sexta-feira, 6 de maio de 2011

The Betrayal of Homosexuals

by Monsignor Vincent Foy

TORONTO, Canada, May 5, 2011 ( - On January 12, 2010, Archbishop Raymond Burke, former Archbishop of St. Louis, Missouri, and now Prefect of the Supreme Tribunal of the Apostolic Signature, gave the homily at the annual Red Mass of Saint Mary’s Basilica, Diocese of Phoenix. He said “We see before our eyes the evil fruits of life in a society which pretends to take the place of God in making its laws and in giving its judgments, in a society in which those in power decide what is right and just, according to their desires and convenience, even at the cost of perpetrating the gravest harm upon their neighbour.”

Among the evil fruits of this decadent age there is an unparalleled betrayal of homosexuals. That evil fruit we consider here briefly, emphasizing the betrayal as the rejection of justice and charity towards a significant number of God’s sons and daughters.

To reach right conclusions and point the way to undoing the betrayal it is essential to consider the truth about homosexuality and the truth about homosexuals.

The Truth About Homosexuality

First, we ought to have a clear notion of the nature of homosexuality. This is given in the Catechism of the Catholic Church (n. 2357). We are told that Sacred Scripture inspired by God, describes homosexual acts as acts of grave depravity, that tradition has always declared homosexual acts as gravely disordered and contrary to natural law.

Many passages of Scripture could be quoted (e.g. 1Cor. 6:10; 1Tim. 1:10). Sufficient for here is a quotation from St. Paul’s Letter to the Romans (1: 26-27): “For this reason God gave them up to dishonourable passions. Their women exchanged natural relations for unnatural and the men likewise gave up natural relations with women and were consumed with passion for one another, men committing shameless acts with men and receiving in their own persons the due penalty for their error.”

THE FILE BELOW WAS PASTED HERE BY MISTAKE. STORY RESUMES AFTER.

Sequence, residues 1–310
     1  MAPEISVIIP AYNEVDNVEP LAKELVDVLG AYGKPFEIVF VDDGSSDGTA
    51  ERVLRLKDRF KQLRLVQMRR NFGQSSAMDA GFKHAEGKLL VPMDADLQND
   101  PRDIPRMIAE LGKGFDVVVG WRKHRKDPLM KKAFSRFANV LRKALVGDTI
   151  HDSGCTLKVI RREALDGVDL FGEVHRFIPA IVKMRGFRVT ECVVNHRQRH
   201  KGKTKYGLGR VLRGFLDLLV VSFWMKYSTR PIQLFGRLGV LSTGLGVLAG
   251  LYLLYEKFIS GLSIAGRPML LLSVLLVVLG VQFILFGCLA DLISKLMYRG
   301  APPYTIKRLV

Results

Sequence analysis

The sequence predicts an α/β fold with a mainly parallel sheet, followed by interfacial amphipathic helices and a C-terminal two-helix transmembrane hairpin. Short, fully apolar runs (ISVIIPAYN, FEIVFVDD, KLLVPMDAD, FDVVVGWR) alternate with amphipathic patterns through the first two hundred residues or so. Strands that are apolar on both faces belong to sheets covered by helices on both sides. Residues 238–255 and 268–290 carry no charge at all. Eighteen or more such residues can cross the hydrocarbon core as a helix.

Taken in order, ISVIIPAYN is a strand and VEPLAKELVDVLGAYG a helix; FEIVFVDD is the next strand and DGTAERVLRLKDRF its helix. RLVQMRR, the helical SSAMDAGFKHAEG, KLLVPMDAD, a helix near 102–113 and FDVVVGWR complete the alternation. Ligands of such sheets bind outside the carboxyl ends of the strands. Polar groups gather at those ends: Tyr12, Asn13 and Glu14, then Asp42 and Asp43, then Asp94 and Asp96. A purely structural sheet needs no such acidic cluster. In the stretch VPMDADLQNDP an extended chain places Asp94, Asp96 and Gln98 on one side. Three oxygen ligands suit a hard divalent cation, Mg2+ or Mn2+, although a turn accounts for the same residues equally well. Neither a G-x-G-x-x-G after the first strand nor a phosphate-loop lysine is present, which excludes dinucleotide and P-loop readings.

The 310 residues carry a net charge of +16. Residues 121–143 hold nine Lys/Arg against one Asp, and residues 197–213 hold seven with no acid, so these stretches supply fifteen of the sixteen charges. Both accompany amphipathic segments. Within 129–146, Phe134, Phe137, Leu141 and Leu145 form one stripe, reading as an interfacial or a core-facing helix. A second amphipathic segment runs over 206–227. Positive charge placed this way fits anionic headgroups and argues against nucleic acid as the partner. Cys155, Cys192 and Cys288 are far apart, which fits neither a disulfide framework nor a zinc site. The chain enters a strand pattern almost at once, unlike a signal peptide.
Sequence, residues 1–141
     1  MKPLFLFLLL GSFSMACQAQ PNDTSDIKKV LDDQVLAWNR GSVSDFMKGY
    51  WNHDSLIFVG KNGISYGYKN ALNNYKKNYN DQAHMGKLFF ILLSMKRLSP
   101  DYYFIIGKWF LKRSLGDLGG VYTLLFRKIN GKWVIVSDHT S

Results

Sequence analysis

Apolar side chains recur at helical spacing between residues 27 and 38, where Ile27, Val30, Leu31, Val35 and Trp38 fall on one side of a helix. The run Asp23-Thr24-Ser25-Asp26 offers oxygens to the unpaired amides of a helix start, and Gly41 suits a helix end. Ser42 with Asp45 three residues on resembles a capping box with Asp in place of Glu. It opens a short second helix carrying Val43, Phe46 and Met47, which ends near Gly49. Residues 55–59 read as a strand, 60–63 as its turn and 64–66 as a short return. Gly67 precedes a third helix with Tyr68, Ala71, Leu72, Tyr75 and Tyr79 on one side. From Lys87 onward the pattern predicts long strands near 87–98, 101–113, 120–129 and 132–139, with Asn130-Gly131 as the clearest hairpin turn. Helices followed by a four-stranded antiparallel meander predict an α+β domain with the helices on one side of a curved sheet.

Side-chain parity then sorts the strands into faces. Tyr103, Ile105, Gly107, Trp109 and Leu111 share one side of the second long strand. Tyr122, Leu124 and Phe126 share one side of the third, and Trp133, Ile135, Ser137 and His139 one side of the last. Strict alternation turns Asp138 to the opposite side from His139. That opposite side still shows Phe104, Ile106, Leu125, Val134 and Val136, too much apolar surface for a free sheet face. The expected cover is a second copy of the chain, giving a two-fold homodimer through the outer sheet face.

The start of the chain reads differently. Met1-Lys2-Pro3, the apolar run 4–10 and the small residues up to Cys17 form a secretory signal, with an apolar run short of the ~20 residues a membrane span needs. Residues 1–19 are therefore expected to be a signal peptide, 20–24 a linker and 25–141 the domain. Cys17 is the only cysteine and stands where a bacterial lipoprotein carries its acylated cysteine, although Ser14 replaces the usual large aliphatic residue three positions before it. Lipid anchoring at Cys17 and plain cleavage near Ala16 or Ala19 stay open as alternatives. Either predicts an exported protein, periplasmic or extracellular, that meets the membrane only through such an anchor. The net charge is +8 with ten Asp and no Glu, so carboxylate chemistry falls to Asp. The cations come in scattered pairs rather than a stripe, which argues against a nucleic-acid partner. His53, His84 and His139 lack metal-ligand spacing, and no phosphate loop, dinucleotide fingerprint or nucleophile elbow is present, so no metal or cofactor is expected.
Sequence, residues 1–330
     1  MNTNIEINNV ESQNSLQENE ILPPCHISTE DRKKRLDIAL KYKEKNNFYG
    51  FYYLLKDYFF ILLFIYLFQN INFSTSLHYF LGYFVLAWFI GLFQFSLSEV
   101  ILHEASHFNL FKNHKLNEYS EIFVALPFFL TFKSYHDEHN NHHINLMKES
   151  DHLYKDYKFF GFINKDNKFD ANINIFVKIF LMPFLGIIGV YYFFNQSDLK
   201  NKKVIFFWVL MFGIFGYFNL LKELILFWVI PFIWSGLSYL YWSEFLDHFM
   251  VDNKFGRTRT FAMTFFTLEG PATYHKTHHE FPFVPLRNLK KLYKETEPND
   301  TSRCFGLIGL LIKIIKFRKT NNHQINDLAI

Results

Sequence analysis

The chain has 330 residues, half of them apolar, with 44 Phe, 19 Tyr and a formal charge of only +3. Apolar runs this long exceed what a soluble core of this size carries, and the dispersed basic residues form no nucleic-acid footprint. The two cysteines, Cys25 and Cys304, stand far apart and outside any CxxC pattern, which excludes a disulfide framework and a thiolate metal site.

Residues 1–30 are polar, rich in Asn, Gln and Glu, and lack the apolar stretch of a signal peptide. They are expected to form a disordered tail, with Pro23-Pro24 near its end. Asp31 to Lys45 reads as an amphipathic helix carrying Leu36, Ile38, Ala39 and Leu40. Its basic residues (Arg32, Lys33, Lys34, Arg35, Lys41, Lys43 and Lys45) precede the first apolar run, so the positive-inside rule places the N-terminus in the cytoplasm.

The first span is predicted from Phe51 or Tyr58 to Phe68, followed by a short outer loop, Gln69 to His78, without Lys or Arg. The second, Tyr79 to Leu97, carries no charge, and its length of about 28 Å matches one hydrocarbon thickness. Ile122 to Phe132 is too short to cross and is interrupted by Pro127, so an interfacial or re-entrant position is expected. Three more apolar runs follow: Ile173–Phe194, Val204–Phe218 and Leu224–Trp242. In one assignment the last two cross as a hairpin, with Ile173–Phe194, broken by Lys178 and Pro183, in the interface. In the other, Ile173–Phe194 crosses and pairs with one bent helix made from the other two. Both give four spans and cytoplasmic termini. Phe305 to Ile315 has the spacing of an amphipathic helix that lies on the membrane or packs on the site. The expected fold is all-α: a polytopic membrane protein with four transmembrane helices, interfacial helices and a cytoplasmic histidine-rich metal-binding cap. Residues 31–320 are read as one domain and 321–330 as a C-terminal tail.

This same judgment is confirmed by many Christian writers of the first centuries (e.g. St. Polycarp; St. Justin Martyr; Athenagoras.) Sodomy was considered one of the frightful sins which cry to Heaven for vengeance. An ancient adage declared: “Clamat ad coelem vox sanguinis et sodomorum, vox oppressorum, merces detenta laborum.” A free translation is “The voice of blood (murder) and of sodomy, of the oppressed and of those labourers deprived of their wages cry out to Heaven.”

The evaluation of homosexual activity as a grave moral evil was not exclusively Christian. All major religions and societies until this age have condemned it.

Reason also confirms Scripture and Tradition. Human anatomy proclaims sodomy unnatural. The complementarity of man and woman, physically, psychologically and emotionally, declare it (cf. Congregation of the Doctrine of the Faith, June 3, 2003: “Considerations Regarding Proposals to Give Legal Recognition to Unions Between Homosexual Persons”). The very body cries out against homosexual activity. Disease is more readily contracted through sodomy then through natural relations.

The Truth About Homosexuals

Homosexuals enjoy all the rights inherent in their human state. The words of Christ “Love your neighbor as yourself” apply to all in their attitude towards homosexuals. Like all, they are called to chastity and holiness and we owe our cooperation in this magnificent vocation. It has been said that the only real tragedy in life is not to become a saint. Certainly the only true tragedy is not to die in God’s love and grace.

The Catechism of the Catholic Church tells us that men and women who have homosexual tendencies should be accepted with “respect, compassion and sensitivity. Every sign of unjust discrimination should be avoided” (n. 2358). In justice we must condemn all violence against them, avoid all derogatory remarks and labels. An excellent document on this matter is entitled “And the Truth Will Make you Free” a Letter to Bishops of the Catholic Church on the Pastoral Care of Homosexual Persons (Congregation for the Doctrine of the Faith, October 1, 1986).